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The Joint Apparel Association Forum of Sri Lanka (JAAF), which represents five associations in Sri Lanka, explained at a recent Annual General Meeting (AGM) that it is essential for all stakeholders to engage with authorities on the forex crisis and adopt regulations that will ensure the sustainable growth of Sri Lanka’s apparel industry.

JAAF’s newly appointed chairman and deputy chairman of apparel technology company MAS Holdings, Sharad Amalean, recognised the resilience of the apparel sector during the pandemic and outlined measures to achieve its target of US$8bn in exports by 2025, while maintaining Generalised Scheme of Preferences Plus (GSP+) and enhancing bilateral trade.

He said: “In order to successfully navigate these uncertain times, it is essential that all stakeholders act with unity, and continue to engage in dialogue with authorities on issues pertaining to foreign exchange and the adoption of regulations that can ensure sustainable growth for our vital industry.”

Amalean believes it is essential for the Sri Lanka apparel industry to enhance its bilateral trade by engaging with regional partners and associations.

He pointed out: “The securing of a GSP+ extension beyond 2023 will be absolutely critical for the growth of our industry.”

The outgoing JAAF Chairman, A. Sukumaran said it is likely the apparel industry will continue to face disruptions to its supply chain over the coming year, making the need for continuous engagement across industry stakeholders essential for developing long-term solutions to the industry’s current and future challenges.

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He said: “The pandemic exposed underlying vulnerabilities in our extended global supply chains. However, we do not believe the right answer is to simply turn our backs to internationalisation and build overlapping national supply chains – as had been advocated by certain quarters. Even with the current issues we face, the theory of comparative advantage within globalisation is still a more financially viable approach. However, we also need to identify select areas in which development of domestic capacity can support Sri Lankan firms to effectively compete on a global stage, and ensure that such capacity development is expedited as much as possible.”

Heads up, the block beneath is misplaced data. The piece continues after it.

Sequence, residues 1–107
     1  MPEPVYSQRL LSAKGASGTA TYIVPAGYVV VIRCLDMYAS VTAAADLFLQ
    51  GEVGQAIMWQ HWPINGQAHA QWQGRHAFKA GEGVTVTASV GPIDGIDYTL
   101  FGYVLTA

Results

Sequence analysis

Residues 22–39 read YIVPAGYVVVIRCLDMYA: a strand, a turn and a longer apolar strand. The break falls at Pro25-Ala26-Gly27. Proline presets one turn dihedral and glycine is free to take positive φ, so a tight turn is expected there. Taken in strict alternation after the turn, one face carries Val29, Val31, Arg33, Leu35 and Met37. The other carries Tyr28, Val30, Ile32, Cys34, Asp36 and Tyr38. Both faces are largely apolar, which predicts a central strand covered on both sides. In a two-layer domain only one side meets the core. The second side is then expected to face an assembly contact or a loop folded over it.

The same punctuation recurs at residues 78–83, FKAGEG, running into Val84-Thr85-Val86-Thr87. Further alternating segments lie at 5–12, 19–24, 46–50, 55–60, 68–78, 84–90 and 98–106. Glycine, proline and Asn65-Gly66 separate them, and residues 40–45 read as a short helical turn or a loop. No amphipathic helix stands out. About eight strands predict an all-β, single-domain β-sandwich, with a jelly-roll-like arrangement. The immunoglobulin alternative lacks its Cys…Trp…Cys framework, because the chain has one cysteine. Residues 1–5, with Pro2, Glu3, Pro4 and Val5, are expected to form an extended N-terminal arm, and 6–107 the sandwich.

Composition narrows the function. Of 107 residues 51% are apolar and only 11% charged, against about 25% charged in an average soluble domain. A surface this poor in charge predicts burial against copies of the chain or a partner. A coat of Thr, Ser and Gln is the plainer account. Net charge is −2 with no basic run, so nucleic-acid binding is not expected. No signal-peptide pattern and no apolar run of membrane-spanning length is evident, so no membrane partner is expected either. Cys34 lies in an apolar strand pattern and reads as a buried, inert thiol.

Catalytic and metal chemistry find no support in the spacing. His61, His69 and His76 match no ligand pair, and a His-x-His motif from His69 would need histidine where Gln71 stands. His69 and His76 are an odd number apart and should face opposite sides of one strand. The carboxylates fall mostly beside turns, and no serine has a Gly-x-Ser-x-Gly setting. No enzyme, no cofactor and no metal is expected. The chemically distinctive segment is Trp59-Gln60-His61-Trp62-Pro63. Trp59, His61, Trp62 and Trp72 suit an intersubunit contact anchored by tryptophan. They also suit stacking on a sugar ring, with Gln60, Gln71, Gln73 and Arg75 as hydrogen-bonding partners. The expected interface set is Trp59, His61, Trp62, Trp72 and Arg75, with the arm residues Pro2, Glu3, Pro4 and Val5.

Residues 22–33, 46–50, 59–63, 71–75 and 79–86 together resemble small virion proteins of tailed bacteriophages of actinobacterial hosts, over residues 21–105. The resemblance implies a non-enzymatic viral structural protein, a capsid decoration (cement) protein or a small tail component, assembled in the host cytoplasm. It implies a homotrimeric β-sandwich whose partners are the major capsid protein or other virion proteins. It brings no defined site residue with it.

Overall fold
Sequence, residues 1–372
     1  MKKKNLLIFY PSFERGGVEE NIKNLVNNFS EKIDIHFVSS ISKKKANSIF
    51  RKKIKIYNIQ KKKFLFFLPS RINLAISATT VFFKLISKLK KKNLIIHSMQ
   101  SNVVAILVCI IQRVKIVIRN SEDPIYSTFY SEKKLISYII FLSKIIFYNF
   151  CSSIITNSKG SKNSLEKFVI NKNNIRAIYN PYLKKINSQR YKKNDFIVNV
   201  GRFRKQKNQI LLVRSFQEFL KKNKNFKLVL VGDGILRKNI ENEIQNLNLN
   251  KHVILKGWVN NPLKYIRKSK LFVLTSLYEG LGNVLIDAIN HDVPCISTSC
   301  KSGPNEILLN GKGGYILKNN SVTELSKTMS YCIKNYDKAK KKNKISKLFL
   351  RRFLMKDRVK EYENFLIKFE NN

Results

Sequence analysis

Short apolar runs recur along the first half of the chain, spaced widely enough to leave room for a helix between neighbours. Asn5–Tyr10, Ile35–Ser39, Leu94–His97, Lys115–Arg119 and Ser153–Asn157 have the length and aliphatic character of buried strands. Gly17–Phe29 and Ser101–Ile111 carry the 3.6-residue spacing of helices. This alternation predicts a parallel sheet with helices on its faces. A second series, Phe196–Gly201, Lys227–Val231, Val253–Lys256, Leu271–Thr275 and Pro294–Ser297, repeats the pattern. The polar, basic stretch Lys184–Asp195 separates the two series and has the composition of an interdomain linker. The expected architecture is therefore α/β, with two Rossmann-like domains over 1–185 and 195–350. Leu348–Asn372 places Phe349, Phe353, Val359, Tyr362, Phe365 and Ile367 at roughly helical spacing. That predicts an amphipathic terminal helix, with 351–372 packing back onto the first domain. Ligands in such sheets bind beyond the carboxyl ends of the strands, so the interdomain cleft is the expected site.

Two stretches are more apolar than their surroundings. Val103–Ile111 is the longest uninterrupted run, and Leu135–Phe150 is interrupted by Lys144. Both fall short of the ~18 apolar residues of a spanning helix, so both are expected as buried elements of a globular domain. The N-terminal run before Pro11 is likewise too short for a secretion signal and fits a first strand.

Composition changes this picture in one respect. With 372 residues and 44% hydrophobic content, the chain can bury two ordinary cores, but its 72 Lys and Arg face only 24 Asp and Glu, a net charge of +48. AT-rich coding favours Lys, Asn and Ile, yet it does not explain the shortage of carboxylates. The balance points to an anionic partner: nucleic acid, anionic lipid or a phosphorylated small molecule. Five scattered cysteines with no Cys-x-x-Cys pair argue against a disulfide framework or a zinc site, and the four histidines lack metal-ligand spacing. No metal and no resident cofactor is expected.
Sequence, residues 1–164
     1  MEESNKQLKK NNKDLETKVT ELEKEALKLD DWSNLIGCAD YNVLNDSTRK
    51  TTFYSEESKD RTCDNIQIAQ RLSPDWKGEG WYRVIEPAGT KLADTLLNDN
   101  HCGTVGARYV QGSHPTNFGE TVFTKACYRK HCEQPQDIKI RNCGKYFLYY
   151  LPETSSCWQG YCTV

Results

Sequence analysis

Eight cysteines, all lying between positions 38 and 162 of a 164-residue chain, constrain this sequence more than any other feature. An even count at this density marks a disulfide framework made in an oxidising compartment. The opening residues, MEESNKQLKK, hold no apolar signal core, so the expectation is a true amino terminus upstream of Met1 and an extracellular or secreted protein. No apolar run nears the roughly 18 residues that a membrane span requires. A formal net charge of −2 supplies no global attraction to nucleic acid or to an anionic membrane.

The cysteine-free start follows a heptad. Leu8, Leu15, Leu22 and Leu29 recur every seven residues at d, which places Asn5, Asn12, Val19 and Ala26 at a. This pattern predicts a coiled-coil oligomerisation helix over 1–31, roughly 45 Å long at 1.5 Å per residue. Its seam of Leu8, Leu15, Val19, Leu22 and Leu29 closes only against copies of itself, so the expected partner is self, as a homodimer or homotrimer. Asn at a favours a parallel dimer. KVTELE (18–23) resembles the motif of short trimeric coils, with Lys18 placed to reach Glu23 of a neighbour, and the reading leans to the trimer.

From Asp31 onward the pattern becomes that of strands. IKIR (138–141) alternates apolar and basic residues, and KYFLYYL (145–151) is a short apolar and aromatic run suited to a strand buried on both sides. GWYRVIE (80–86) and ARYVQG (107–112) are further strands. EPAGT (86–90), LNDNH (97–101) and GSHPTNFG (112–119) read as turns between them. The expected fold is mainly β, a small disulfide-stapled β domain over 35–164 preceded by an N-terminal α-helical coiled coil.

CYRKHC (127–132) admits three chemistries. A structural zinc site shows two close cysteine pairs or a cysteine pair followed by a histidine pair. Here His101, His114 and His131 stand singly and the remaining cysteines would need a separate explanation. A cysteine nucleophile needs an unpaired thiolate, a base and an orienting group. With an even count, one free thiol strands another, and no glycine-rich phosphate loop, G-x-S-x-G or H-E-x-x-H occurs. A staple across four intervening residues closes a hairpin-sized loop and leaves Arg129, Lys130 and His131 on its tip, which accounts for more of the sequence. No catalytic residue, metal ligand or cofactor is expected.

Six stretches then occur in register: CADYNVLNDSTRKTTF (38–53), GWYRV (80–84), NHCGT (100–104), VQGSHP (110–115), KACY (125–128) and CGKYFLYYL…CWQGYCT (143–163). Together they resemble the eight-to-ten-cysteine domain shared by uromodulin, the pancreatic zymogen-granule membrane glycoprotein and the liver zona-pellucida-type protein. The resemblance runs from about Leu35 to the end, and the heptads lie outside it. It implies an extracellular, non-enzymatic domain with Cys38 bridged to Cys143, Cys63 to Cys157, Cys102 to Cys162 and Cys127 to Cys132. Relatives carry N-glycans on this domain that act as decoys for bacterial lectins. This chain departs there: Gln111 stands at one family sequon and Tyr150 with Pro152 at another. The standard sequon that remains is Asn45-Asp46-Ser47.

Sukumaran explained that investing in less transactional and more collaborative supply chain relations would provide major solutions.

He said: “This forges more resilient supply chains that are also more capable of dealing with our industry’s numerous challenges. We have thrived with our buyers on long-lasting relationships. We must do the same thing with supply chains as well. Balance strategies are a must for us to sustain ourselves on the sourcing map.”

JAAF’s AGM, which is for its five associations that cover supply chain partners, the export-oriented apparel manufacturers, buying offices and representatives of international brands, also saw the appointment of JAAF’s new executive committee for 2022/2023, which includes:

  • Chairman: Sharad Amalean
  • Deputy chairmen: Saiffudeen Jafferjee and Felix Fernando
  • Past chairmen: Noel Priyathilake, Azeem Ismail and Ashroff Omar
  • Duly authorised representatives of the constituent bodies: Fabric & Apparel Accessory Manufacturers Association Pubudu de Silva, Free Trade Zone Manufacturers Association – Jatinder Biala, Sri Lanka Apparel Exporters Association – Aroon Hirdaramani, Sri Lanka Chamber of Garment Exporters – Hemantha Perera and Sri Lanka Apparel Sourcing Association – Wilhelm Elias.

Other appointments included individual members of the executive committee:

  • Mahesh Hirdaramani
  • Manik Santiapillai
  • Ajith Wijesekera
  • Jafar Sattar
  • Anis Sattar
  • Rehan Lakhany
  • Mahika Weerakoon

JAAF founding secretary-general Tuli Cooray stepped down from his position and will serve as a consultant moving forward. He will be replaced by Yohan Lawrence, who is a past chairman of the Sri Lanka Apparel Exporters Association.